It seems like everybody's doing it. Going into debt that is. Americans are so deep in debt that none other than Oprah Winfrey has made it a mission to force America on a "Debt Diet" with a series of shows featuring families that overspend to the brink of bankruptcy.
For the recent graduate, going into debt is a clear and present danger. Out of school with their first real "grown-up" job and paycheck, new graduates are at high risk for overspending. According to Dr. Robert Berg, chair of Argosy University/Atlanta's College of Business and Information Technology, the temptation begins the day after commencement -- if not earlier.
"Banks shower graduates with offers since their research shows that once people open an account, and are initially satisfied, they are reluctant to switch banks," says Dr. Berg. "Students discover credit card financing early on, leading to the notion of looking in a wallet and knowing you have the power to charge more than you should. Graduates know that bankers have the money they need, and often the loans they have taken out to pay for their education. But, bankers and accountants aren't responsible to pay back the loans -- the graduate is."
Budget. Budget. Budget.
So what can a recent grad do to stay on track and be a smart earner and saver? "Set up a budget," says Anna Kelly, director of student financial services of The New England Institute of Art. "It's simple, easy to do, and serves as a guidepost to help young people learn to pay off debt, not accumulate more debt, and learn to save too."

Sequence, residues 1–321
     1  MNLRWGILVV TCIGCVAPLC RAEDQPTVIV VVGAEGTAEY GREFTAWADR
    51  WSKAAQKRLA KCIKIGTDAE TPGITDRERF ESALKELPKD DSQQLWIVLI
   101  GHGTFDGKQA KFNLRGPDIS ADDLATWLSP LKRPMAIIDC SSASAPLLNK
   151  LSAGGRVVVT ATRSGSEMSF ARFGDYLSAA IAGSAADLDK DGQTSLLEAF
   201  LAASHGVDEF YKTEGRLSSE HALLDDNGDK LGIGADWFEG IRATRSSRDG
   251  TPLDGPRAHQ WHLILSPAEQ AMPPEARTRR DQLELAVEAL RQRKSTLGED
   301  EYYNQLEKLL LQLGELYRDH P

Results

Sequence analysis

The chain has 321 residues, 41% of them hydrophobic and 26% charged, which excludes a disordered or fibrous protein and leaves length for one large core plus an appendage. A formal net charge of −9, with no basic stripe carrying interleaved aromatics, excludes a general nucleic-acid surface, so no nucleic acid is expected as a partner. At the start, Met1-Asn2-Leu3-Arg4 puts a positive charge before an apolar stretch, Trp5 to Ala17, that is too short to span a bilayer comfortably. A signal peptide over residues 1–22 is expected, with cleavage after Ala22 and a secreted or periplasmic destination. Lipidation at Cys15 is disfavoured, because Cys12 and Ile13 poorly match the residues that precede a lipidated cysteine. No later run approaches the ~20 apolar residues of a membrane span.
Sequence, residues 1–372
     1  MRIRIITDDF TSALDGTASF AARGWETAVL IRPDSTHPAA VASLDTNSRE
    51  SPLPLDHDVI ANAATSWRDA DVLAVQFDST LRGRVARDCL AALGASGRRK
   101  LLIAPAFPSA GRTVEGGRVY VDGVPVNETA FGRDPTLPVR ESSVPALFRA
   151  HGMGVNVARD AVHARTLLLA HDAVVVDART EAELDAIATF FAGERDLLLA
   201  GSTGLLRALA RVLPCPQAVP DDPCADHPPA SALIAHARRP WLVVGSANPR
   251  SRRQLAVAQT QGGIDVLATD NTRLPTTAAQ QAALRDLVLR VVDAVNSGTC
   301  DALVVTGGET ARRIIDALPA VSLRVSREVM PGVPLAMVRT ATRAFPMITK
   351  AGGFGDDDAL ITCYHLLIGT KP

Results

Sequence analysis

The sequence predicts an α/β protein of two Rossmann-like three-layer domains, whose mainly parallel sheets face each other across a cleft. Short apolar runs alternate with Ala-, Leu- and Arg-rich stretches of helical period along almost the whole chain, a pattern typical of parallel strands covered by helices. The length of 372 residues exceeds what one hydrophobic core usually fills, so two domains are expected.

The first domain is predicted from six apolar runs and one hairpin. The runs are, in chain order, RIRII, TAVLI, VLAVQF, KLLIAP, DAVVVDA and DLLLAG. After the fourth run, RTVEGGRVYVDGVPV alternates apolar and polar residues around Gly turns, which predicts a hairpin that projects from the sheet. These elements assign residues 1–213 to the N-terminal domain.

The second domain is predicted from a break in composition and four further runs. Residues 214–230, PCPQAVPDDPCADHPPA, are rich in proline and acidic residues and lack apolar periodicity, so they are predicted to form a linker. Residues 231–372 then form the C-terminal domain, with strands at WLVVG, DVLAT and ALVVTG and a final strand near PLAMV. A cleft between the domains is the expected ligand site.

The budget, she says, should include everything from rent, transportation, food, utilities, school loan payments, and credit card payments to entertainment and miscellaneous expenses. "Put some money away each month into savings," says Kelly. "No matter how small the amount, you will be better prepared for emergencies." Any big purchases you have to make, pay cash, says Kelly, to avoid credit card interest charges.
Amy Shaver, a loan coordinator for The Art Institute of Seattle, says that many students now try to pay down or pay off credit card debt before graduating so "they can focus on paying off school loans as soon as they begin to get a regular paycheck." If a student does run into problems paying off a loan or credit card debt, Shaver recommends contacting the lender immediately to begin to work out a payment plan.
This is a smart strategy says Larry Lipner, director of administrative and financial services at The Art Institute of New York City. "Students should pay off credit card debt first as they incur the highest finance charges, and school loans after, as they tend to have much lower interest rates," he says. "By paying off debts monthly without being late the student is actually establishing a good credit history with the credit bureaus, which will serve him/her well in the future translating into a better credit score."
Debt has become such a looming issue for all Americans, not just recent graduates, that many schools are devoting whole courses to it. "The Art Institute of New York City offers a freshman level course that includes consumer debt and how to handle it," says Lipner. "It's important because many students come to school without the basic knowledge of how to manage their personal finances."
For students who have problems with credit card debt, there are places to go for help. Two that Amy Shaver recommends are http://www.debtadvice.org/aboutus/aboutus_01.html and http://www.debtadvice.org/PersPlans/guidelines_credit-counselor.html.
To sum up, Dr. Berg defines the clear choice that graduates should make: "The choice is to make more than you spend, or spend less than you make -- a simple rule that is sometimes hard to follow."
Courtesy of ARA Content.© 2006 ARA Content
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